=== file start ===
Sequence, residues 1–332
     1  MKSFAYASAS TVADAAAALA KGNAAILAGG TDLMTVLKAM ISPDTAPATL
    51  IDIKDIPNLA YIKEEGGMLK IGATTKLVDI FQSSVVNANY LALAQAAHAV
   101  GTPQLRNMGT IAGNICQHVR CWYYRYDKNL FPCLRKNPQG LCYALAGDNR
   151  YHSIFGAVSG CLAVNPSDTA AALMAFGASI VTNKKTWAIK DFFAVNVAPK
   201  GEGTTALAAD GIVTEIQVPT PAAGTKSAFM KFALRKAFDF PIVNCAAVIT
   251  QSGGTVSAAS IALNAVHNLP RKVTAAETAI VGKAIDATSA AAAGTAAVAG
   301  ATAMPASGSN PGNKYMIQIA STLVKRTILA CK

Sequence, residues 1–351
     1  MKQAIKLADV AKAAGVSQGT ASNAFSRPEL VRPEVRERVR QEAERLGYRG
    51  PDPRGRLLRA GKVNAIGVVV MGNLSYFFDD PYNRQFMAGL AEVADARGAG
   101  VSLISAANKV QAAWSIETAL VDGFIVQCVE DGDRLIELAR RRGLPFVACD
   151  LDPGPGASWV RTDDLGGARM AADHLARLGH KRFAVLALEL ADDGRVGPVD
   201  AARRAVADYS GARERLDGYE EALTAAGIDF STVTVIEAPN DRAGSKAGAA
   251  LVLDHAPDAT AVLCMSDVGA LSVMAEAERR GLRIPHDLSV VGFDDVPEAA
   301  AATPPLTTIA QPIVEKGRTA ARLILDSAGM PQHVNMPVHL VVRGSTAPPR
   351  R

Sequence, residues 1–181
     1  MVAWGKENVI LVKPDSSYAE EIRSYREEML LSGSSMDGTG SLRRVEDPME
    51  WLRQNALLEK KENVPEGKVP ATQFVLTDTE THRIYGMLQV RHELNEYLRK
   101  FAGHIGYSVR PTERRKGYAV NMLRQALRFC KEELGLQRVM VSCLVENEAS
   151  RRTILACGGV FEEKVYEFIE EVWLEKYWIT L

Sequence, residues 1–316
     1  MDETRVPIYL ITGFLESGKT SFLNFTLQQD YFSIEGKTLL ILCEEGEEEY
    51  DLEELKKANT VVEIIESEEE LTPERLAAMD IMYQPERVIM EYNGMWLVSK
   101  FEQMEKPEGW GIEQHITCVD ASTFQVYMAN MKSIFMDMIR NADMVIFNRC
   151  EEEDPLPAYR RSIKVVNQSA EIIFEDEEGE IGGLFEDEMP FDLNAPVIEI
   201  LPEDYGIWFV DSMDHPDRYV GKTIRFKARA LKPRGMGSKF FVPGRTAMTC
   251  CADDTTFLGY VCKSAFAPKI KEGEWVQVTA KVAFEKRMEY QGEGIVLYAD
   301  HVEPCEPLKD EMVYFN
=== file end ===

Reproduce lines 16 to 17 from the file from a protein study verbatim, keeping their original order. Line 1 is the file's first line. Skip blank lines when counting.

   301  AATPPLTTIA QPIVEKGRTA ARLILDSAGM PQHVNMPVHL VVRGSTAPPR
   351  R